“Life is short, take a risk – a calculated one,” she says. “Have a one, two and five-year plan and execute on your plan. The best kind of work is when it does not feel like work and you are excited every single day to show up and contribute.”

Ask Women and Work

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Question: I have been settling into a new role in management – my first – and I’m very much enjoying the new responsibilities. But I’m having difficulty with a team member who hasn’t been completing their tasks properly or on time. I have always been a people-pleaser by nature and so I have been letting their performance slide, but I know I need to handle this. Are there some steps or guidelines to addressing the situation with a staff member who is underperforming?

We asked Amanda Hudson, Toronto-based founder of A Modern Way to Work and a double-board certified HR expert with 20 years of experience in people management, to field this one:

Congratulations on your new role! You were likely promoted because you were the best at the work you do, and the real challenge ahead is now ensuring other people are productive, which is no easy task. It’s very common for managers (new and old) to be in a situation where someone isn’t meeting their expectations. It’s even more common for managers to avoid dealing with it for so many reasons, including not wanting to upset someone or rupture a relationship.

The good news is there are a few questions you can ask yourself, and actions you can take, before you ever need to have a difficult conversation directly about the performance issue.

First, assume your employee wants to show up and do great work – almost all people do. If they aren’t doing great work, your first question as a manager should be, ‘What is getting in the way?’ Start by asking yourself, ‘Are my expectations clear? And how have I communicated my expectations?’ Most difficult conversations about a lack of performance can actually be avoided when the manager starts with these two questions. What you’ll often find is that there’s room to further communicate or convey your expectations in a different way.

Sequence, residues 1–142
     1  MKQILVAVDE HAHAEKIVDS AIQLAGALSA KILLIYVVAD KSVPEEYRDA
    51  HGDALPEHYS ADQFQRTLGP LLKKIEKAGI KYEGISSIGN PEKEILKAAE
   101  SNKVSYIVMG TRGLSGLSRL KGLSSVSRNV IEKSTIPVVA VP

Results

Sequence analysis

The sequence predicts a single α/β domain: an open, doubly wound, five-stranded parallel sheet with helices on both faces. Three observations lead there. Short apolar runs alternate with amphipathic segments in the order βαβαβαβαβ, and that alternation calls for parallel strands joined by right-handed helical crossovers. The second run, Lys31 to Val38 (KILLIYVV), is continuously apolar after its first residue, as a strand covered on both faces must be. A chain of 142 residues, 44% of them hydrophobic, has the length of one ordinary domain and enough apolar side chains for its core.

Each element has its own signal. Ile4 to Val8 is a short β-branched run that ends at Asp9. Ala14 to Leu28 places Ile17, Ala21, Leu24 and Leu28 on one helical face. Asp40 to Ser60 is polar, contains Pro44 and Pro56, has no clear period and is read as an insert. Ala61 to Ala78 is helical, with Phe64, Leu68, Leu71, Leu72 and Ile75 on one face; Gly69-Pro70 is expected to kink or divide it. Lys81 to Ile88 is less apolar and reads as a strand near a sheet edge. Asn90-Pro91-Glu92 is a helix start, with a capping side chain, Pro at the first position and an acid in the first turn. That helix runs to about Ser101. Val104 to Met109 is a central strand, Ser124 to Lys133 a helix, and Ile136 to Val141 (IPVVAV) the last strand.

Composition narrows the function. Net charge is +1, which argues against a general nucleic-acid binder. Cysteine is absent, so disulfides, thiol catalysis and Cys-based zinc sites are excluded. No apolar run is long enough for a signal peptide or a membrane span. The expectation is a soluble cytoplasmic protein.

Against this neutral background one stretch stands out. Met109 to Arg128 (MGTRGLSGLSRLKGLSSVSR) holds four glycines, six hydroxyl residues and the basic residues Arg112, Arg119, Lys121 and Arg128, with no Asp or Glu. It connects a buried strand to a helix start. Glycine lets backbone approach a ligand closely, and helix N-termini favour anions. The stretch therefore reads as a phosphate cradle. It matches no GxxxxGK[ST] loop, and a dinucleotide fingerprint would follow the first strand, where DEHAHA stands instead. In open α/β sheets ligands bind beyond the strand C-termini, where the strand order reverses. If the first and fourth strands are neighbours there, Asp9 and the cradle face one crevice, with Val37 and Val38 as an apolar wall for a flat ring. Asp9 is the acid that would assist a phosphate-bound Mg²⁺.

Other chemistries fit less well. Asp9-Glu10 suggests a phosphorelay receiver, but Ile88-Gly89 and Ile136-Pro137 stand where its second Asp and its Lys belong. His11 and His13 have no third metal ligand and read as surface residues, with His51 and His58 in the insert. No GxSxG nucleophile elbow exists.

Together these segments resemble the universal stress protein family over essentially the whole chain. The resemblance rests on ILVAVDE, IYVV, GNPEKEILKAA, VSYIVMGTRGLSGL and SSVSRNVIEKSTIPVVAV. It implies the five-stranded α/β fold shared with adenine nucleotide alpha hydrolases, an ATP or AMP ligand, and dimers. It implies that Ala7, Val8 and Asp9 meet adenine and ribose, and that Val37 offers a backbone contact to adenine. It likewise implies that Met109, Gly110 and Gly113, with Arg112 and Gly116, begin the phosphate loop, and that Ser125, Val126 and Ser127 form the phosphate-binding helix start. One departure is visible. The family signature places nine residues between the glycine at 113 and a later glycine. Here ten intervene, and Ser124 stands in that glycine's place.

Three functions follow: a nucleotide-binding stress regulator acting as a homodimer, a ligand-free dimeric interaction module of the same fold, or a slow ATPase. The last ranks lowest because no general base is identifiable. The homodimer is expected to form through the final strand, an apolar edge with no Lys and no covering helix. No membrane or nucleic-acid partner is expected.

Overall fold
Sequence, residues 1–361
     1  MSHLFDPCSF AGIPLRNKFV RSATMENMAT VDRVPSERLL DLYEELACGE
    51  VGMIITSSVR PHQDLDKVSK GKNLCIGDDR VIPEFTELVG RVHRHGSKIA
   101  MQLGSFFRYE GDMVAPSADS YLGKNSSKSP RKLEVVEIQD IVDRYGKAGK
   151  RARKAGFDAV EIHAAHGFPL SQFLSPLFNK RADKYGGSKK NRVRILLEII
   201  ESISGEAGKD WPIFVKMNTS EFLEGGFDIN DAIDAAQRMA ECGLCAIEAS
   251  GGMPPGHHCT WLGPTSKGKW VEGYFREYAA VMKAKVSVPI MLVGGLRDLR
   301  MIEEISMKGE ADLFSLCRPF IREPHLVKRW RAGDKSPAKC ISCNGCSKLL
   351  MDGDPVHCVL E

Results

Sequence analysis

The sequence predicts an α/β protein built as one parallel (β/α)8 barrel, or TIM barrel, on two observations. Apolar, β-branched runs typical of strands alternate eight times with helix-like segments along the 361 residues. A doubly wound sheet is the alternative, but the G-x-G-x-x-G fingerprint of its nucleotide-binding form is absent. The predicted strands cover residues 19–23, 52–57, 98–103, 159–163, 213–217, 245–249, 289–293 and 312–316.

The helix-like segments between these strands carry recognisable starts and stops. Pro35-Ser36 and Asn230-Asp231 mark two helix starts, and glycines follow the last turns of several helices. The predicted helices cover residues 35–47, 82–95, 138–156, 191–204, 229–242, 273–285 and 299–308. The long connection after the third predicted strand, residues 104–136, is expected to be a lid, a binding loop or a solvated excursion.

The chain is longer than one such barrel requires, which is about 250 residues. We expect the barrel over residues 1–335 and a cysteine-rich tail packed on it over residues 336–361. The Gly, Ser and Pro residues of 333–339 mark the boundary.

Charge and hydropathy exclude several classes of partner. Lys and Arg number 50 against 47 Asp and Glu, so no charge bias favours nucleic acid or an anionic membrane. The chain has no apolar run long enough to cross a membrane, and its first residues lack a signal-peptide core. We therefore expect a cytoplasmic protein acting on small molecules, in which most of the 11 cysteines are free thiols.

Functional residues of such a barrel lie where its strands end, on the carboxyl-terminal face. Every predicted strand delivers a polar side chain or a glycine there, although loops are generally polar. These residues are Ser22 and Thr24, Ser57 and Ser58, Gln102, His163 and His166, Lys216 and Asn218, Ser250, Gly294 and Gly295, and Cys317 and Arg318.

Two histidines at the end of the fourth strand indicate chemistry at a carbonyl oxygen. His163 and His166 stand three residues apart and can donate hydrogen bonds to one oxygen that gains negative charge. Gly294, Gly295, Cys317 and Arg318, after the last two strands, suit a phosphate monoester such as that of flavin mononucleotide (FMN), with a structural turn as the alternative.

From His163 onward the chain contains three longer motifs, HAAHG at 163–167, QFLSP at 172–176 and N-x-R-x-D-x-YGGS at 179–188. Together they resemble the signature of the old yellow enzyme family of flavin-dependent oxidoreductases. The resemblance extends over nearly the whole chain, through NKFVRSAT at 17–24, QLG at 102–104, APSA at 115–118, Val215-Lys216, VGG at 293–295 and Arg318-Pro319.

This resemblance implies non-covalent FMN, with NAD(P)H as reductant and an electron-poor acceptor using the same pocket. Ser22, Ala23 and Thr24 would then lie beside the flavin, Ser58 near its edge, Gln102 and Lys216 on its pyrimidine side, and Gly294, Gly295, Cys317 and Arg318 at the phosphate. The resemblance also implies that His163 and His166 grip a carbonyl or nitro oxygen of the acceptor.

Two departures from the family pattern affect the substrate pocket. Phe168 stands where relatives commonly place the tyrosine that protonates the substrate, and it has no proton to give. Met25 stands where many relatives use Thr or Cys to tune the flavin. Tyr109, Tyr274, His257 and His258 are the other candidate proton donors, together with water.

Next, ask yourself if the employee is new to the task. Often, ‘people-pleasing’ managers are afraid of micro-managing, but when an employee is performing a new task, they actually require a lot of direction. If they aren’t meeting expectations on a task that is new to them or they haven’t done it before, engage in more directive behaviours. These can include breaking down major deliverables into smaller milestones, setting deadlines and checking in along the way, sitting with the team member and showing them how you would approach the task and helping them prioritize the work.

Lastly, if this task is not new to them or if they’ve done it successfully in the past but now the performance has started suffering, it could be because they’re not feeling challenged. Employees need to feel like they’re growing and developing. In this case, you can think about how to expand the task so it has more purpose and challenge for them. Or, add in a new responsibility that will re-engage the employee in their role.

As a new manager, keep in mind that when you’re not getting what you want from others, the simplest solution is often to change your own behaviours. The above strategies should help you avoid those difficult performance conversations in the first place and set up great working relationships with your employees.

The Globe and Mail